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Unformatted text preview: As the war in the South widened, Jackson began to travel with American troops and participated in the assault on the small British post of Hanging Rock–an attack that the patriots could have won decisively if they had not stopped to drink captured rum from the post. As Jackson was only thirteen, he worked on the staff of Colonel Davie, the patriots' commander, mostly running errands or delivering messages. Jackson's position as Davie's assistant was his first exposure to military command, and many of his later military strategies would reflect the bold planning and careful execution that typified Davie. In the late summer of 1780, General Charles Cornwallis, the British southern commander, gained a strong upper hand following the battle of Camden, which left the patriots in tatters. As Cornwallis marched towards the Waxhaws, a yearlong battle of patriots in tatters....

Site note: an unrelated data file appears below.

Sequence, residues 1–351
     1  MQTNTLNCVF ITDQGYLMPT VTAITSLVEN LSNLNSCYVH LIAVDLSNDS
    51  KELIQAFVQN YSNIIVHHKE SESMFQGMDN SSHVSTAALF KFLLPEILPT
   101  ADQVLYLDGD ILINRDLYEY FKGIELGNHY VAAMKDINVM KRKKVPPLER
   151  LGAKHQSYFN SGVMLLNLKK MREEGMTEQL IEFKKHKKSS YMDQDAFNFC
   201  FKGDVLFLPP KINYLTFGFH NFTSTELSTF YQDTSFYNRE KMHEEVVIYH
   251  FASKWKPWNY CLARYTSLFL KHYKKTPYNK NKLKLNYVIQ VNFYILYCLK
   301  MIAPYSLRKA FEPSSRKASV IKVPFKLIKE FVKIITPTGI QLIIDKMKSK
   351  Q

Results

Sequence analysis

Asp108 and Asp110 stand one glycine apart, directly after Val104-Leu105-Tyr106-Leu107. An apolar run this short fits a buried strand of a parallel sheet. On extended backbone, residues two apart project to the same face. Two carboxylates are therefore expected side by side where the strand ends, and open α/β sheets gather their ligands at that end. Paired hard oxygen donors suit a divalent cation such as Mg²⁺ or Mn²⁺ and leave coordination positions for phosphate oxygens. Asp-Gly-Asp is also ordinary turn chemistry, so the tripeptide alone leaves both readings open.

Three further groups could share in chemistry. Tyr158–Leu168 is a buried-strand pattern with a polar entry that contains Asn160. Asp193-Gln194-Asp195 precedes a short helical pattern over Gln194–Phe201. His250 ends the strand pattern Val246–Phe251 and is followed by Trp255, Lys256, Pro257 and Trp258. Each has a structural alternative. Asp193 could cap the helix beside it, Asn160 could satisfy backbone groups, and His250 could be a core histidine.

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This note was uploaded on 12/26/2011 for the course HIST 101 taught by Professor Womer during the Fall '08 term at Texas State.
- Fall '08